Greek spinach hand pie recipe (Photo courtesy

Recipe Corner: Mrs. Bezjian’s Swiss Chard and Tahini Bureks – Armenian Turnovers


LOS ANGELES — Celebrated chef and author Alice Bezjian was born in 1913 in Cairo, Egypt of Armenian parents. Her grandparents left Turkey before the Armenian Genocide. The family moved to Syria before finally settling down in Beirut. Alice came from generations of gifted cooks and culinary experts. At an early age, she was introduced to the joy of food and cooking by her maternal grandfather. Her grandfather often traveled the world at a time when traveling was neither easy nor fashionable. He then returned home with new recipes, and cooked large dinners for his family. He said cooking was exciting, but the greatest pleasure was sharing one’s new and creative dishes with an appreciative family and friends.

Alice attended Le Cordon Bleu in Paris, and studied with international culinary teachers in Beirut, and later in Beverly Hills. In 1964, Alice and her family moved to Los Angeles where she, her husband Hagop, and their son Jack created Bezjian’s Grocery and Bakery near Vermont on Santa Monica Boulevard in Hollywood.

“The market was successful and eventually became a landmark for gourmet cooks, chefs, and Middle Eastern food lovers throughout Southern California. Bezjian’s Grocery and Bakery was the first Mediterranean, Middle Eastern, Persian, and especially Indian supermarket of its kind in Los Angeles,” says Jack. Customers came from great distances to purchase specialty foods, spices, and herbs, and to congregate, share knowledge, exchange recipes, and to visit with Alice and her family. One customer summed it up at the time by saying “’If It’s Bezjian’s, You Know It’s Good!’”


In the 1970s photo above, Hagop Bezjian holds a tray of his famous baklava made with ghee (clarified butter prepared at their bakery) and real sugar, not corn syrup. Alice is shown serving her celebrated Armenian coffee that the couple introduced to Los Angeles. It was a special blend of Armenian coffee from Central America that the Bezjians had prepared to their specific requirements. It came in three blends that became known as B1,B2,and B3 (B standing for Bezjians). This coffee is the one sold in most Armenian markets today, known as the best for “Armenian Coffee” (known as Middle Eastern light, medium and dark roast).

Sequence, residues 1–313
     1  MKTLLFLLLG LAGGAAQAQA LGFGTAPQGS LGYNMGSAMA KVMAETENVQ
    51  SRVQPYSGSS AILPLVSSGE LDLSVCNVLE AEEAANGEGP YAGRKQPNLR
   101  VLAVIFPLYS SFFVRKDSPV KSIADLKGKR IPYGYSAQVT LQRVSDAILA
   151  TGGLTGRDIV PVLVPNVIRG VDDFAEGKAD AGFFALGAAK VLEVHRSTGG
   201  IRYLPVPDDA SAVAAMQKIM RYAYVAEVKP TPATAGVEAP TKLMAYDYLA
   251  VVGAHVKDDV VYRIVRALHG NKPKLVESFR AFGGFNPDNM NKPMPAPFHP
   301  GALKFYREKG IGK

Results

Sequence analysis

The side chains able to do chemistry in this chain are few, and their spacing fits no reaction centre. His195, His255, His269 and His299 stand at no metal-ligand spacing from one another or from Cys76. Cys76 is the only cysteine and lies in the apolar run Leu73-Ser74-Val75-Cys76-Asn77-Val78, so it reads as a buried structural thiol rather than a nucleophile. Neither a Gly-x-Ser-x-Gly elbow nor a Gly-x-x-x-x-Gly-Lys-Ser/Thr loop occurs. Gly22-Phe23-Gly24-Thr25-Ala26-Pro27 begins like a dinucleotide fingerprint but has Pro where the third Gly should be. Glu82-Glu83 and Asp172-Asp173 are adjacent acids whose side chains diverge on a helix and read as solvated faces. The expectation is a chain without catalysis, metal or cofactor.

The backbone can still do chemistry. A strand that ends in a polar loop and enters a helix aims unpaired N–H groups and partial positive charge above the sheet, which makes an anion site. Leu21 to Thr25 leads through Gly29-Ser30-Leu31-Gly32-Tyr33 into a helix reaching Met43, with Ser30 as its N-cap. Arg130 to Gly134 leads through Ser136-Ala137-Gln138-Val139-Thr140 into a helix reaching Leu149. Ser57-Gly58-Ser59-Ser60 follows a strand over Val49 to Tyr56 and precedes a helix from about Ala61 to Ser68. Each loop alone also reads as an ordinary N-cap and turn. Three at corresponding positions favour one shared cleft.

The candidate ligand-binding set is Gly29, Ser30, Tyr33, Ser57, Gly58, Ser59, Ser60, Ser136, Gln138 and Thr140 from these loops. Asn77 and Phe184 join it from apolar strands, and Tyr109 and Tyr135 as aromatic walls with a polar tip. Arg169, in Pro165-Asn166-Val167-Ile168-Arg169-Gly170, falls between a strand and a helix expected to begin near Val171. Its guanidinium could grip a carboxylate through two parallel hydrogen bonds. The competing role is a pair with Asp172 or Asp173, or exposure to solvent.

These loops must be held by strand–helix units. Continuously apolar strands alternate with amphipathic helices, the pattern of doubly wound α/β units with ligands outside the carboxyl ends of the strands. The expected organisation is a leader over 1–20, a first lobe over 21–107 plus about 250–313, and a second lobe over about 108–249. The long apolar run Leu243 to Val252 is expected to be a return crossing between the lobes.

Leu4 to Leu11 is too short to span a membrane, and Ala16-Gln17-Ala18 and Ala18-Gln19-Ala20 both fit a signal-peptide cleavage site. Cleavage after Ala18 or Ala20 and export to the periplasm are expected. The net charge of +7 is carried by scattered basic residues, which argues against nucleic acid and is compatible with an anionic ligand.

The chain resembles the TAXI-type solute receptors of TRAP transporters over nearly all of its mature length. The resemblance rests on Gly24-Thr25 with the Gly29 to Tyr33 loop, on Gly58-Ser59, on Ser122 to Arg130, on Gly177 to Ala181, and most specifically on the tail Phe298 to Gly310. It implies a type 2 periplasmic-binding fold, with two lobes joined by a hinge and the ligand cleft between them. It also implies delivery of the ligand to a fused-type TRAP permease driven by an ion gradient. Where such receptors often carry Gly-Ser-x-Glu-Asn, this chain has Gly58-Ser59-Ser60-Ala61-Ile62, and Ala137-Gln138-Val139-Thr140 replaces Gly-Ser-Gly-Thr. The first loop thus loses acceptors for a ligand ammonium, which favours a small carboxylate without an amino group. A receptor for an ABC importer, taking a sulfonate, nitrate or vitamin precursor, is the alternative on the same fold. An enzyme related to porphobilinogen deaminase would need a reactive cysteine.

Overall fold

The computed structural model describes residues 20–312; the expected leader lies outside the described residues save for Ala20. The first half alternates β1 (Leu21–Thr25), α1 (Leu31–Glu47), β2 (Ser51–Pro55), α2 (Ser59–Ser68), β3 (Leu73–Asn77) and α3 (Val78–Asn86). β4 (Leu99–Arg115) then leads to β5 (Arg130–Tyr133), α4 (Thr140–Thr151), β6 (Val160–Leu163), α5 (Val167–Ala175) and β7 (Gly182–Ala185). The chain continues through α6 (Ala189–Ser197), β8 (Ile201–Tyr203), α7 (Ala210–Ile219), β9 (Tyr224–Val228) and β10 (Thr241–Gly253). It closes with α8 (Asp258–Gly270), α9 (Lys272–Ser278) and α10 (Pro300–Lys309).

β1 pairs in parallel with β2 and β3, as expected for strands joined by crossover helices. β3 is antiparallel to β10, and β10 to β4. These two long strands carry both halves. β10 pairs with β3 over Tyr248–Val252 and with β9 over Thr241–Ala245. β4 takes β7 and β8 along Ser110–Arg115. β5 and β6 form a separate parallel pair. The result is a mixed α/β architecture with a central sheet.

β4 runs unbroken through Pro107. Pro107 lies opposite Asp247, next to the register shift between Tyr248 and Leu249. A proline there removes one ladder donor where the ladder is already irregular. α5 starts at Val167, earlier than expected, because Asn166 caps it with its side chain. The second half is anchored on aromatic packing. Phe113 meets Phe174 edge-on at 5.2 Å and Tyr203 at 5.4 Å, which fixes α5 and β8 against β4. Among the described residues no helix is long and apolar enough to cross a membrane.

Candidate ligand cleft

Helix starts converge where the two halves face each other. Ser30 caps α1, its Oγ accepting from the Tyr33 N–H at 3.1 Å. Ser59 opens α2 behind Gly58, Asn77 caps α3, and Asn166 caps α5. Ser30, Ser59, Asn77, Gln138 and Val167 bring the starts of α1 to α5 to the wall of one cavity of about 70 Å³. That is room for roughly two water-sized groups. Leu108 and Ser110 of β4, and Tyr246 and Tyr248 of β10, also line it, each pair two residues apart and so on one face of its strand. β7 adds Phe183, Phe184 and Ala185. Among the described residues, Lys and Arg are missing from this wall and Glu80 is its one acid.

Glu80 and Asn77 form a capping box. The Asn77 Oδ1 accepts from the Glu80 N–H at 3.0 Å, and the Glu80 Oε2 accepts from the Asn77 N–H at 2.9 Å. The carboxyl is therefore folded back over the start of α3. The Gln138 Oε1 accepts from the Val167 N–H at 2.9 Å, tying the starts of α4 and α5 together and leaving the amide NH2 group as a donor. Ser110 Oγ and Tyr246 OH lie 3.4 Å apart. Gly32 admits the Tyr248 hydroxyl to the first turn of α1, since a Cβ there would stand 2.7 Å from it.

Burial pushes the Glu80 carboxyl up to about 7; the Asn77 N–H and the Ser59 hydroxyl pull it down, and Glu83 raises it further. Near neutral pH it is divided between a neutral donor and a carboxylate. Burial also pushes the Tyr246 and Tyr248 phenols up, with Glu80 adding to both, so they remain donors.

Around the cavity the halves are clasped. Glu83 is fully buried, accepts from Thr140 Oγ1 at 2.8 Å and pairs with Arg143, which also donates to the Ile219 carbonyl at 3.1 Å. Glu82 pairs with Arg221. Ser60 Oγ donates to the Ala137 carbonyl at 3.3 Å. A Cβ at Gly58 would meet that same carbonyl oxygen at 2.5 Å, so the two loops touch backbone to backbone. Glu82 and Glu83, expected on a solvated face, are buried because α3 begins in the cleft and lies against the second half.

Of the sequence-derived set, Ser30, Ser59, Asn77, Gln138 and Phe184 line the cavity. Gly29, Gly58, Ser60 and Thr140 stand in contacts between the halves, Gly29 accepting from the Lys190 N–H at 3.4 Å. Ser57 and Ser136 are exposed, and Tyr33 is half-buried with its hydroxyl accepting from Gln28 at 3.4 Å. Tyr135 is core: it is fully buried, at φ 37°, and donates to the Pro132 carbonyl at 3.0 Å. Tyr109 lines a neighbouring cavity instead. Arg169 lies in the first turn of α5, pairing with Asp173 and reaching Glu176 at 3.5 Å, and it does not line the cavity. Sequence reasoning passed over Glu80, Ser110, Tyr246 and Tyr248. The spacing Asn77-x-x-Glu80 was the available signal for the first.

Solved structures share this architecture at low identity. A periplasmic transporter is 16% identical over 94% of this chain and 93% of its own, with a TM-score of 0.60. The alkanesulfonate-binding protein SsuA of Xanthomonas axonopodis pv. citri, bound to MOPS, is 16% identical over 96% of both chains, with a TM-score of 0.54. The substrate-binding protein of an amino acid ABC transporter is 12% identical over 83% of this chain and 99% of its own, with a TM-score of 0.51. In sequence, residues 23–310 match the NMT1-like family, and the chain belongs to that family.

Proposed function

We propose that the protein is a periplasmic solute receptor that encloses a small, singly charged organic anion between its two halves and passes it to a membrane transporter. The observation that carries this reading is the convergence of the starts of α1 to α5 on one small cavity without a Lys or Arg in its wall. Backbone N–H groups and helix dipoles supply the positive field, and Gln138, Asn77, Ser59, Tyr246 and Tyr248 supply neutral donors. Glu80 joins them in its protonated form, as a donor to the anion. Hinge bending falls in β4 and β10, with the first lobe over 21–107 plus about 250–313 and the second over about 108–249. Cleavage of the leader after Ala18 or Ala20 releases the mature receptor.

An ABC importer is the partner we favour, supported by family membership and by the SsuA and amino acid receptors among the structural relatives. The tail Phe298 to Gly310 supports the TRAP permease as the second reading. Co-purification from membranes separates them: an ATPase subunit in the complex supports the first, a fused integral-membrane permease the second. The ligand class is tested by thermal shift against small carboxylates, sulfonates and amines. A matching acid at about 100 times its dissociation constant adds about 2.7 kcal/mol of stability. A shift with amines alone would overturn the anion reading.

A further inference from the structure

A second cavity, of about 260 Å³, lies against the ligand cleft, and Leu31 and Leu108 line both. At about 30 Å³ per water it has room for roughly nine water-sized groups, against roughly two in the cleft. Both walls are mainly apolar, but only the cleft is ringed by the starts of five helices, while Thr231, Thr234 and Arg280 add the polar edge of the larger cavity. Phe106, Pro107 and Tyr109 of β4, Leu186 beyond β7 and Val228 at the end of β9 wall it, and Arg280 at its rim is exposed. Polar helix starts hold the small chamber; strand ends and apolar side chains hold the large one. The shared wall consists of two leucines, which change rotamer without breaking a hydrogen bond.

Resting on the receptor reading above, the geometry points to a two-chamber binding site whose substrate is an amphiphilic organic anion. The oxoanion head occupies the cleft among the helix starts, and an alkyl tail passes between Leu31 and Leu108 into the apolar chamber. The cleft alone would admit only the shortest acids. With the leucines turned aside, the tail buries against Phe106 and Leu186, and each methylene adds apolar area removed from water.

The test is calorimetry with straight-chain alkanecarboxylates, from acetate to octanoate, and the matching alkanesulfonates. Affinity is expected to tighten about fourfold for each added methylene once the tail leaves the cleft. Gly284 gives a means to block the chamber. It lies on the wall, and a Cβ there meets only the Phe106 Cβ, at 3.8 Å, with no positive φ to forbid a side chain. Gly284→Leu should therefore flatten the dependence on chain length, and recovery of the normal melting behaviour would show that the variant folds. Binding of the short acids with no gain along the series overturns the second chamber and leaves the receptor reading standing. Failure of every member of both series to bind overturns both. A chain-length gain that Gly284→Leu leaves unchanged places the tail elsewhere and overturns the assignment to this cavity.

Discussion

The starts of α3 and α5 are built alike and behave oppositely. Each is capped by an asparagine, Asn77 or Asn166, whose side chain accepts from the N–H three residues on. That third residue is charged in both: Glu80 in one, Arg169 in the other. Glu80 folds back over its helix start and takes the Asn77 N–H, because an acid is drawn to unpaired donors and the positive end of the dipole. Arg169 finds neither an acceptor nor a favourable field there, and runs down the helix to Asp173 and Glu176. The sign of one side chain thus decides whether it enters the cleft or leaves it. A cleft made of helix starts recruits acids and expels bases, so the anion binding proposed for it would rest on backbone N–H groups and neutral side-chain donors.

“Mrs. Bezjian and her family brought years of experience and background in the Middle Eastern food business, and enough capital to start over,” said the Armenian International Magazine in 1993. “The Bezjian Grocery sold retail goods to the public, wholesale markets, had a bakery, and did very well.”* Her family says that Alice was always at her store, graciously and proudly dispensing recipe tips and culinary expertise with her friends and appreciative customers. Sunset Magazine and New West wrote stories about the grocery store, and her recipes were published in several magazines. Jack remembers his mother meeting with her old customers and exchanging stories and Armenian recipes before she passed away in 2003.

Since 1966, Jack has been baking bread and owns Bezian Bakery (home of the Los Angeles sourdough) in Santa Monica. He has been one of the most influential vendors at the famed Santa Monica Farmers Market for many years. His acclaimed gourmet wild yeast breads have been sold for almost 55 years at the bakery, and for over 32 years at Southern California farmers markets (including Pasadena and Hollywood). His ground breaking baking techniques and nutritional discoveries have made his sourdough products an essential part of the community. Jack is a wellspring of information about the history and benefits of true, slowly-raised, fermented, wild yeast sourdough. He also took most of the photos in his mother’s bestselling cookbook, and the entire family prepared and tested each recipe over a four-year period before the cookbook was published.